Researchers can now capture both transcriptomic and epigenomic modalities simultaneously in the same single cells with Chromium Single Cell Multiome ATAC + Gene Expression. This technique removes the computational errors associated with linking separate datasets and maximizes possible readouts from precious samples.
GEN sat down with Marcos Milla, PhD, chief scientific officer, and Lauren Baker, VP of Scientific & Medical Affairs, to discuss the history and future direction of Synthorx’s Expanded Genetic Alphabet platform technology. We also covered the company’s development since its recent acquisition by Sanofi.
Harvard Medical School researchers have, for the first time, described in mice how bacteria residing in the gut can protect against viral infections. Their work pinpointed a group of gut microbes—and a particular species—that trigger immune cells to release virus-repelling type 1 interferons. The studies further identified the molecule on the bacteria that unlocks the immune-protective cascade.
Newcastle University research has revealed that experts can identify the time, nature, and outcome of medulloblastoma relapse from the biology of the disease at diagnosis and the initial therapy received. Their breakthrough means doctors can tailor treatment for each individual child and improve prognosis.
That 95% efficacy rate is based on nearly twice as many COVID-19 cases as the 94 cases reported in early data released last week from the 43,538-participant Phase III trial (NCT04368728). That data showed the vaccine to be more than 90% effective in preventing COVID-19 in participants without evidence of prior SARS-CoV-2 infection.
A current promising approach is the conversion of glial cells into neurons for the loss of neurons due to brain injury or neurodegeneration. Now, researchers at Helmholtz Zentrum München and Ludwig Maximilians University Munich (LMU) report they have manipulated mitochondria and the cell metabolism in mice and achieved a four times higher conversion rate and simultaneously increased the speed of reprogramming.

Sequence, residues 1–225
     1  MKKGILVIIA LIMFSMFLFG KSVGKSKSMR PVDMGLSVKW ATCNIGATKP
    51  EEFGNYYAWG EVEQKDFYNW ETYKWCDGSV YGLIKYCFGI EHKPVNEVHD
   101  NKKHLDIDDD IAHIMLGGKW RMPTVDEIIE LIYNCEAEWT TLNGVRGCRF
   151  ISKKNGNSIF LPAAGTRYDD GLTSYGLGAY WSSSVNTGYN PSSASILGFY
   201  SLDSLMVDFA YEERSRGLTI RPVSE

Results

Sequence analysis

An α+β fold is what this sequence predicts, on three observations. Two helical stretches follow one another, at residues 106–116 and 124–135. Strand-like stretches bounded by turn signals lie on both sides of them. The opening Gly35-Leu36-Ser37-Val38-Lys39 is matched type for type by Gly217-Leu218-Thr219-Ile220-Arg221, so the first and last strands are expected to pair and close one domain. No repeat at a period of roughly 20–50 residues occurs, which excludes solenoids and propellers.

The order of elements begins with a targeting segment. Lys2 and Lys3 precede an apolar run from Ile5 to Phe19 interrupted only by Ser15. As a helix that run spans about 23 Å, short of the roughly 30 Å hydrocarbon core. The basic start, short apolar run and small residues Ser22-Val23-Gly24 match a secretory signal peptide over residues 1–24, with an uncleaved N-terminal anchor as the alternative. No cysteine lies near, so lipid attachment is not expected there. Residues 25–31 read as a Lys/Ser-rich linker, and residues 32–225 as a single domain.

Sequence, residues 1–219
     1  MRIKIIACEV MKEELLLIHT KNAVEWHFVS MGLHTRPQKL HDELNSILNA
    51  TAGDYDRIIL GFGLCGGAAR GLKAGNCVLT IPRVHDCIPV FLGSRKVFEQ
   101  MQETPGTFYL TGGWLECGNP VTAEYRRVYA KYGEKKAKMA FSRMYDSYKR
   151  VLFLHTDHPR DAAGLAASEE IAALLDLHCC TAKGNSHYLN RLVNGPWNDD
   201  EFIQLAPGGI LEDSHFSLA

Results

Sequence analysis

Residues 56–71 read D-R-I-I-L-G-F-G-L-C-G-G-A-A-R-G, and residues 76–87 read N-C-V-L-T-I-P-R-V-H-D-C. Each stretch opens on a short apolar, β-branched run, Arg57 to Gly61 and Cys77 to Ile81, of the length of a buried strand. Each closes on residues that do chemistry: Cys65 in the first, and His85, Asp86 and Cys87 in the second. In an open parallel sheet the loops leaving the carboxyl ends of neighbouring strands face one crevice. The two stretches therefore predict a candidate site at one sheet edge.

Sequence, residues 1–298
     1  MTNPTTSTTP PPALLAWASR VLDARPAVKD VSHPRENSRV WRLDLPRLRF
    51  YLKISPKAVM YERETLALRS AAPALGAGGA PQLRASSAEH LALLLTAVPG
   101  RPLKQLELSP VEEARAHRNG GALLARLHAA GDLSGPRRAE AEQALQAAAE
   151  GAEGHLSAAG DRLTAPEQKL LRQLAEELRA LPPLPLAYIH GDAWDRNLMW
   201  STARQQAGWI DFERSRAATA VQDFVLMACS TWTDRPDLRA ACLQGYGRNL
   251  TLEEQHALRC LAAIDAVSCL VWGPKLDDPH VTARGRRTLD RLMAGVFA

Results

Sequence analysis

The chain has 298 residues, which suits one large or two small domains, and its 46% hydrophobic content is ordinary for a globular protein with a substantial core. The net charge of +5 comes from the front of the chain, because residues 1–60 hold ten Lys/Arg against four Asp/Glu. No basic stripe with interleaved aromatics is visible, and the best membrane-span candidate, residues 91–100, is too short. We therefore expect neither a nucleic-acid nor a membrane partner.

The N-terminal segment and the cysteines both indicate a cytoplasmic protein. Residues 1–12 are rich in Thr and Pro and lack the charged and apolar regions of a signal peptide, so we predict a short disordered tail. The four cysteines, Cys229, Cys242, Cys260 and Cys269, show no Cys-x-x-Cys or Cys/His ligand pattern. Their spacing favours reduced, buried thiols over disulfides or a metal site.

Studies in mice by investigators at KU Leuven have demonstrated how the antidepressant sertraline can help to inhibit the growth of cancer cells, by acting on a metabolic addiction to serine and glycine, which some types of cancers have developed to enable them to thrive.
Researchers at the Tisch Cancer Institute at the Icahn School of Medicine at Mount Sinai, and colleagues, have shown that a vaccine created to prevent the recurrence of melanoma is about twice as effective when patients also receive two components immune-boosting components. The team tested the approach in a clinical trial, in patients treated using a vaccine candidate that is designed to target dendritic cells. The results showed that the addition of the small molecule, Flt3L boosted the vaccine's effectiveness at triggering the production of antibodies and T cells that can later fight melanoma. Adding the second component, poly-ICLC, also strengthened the dendritic cells' ability to promote antibodies as well as helper and killer T cells.
A light-sensitive liposome delivery system has been developed that offers a high degree of spatial and temporal control of gene editing with the CRISPR-Cas9 system. Besides allowing targeted delivery, the modified liposomes may prove safer than viral vectors. Thus far, the LED-sensitive liposomes have been tested in cell lines and animal models. X-ray-sensitive liposomes could be useful in more ambitious applications.
The pandemic may have hastened its “digital transformation,” but biopharma still needs to find the best way of modernizing manufacturing processes.